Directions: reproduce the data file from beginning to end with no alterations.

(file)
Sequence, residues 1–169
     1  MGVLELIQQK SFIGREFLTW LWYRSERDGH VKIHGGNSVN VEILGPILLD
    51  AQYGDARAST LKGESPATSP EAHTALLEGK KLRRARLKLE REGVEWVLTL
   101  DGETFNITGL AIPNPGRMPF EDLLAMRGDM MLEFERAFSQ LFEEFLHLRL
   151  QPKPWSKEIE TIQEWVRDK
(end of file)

Sequence, residues 1–169
     1  MGVLELIQQK SFIGREFLTW LWYRSERDGH VKIHGGNSVN VEILGPILLD
    51  AQYGDARAST LKGESPATSP EAHTALLEGK KLRRARLKLE REGVEWVLTL
   101  DGETFNITGL AIPNPGRMPF EDLLAMRGDM MLEFERAFSQ LFEEFLHLRL
   151  QPKPWSKEIE TIQEWVRDK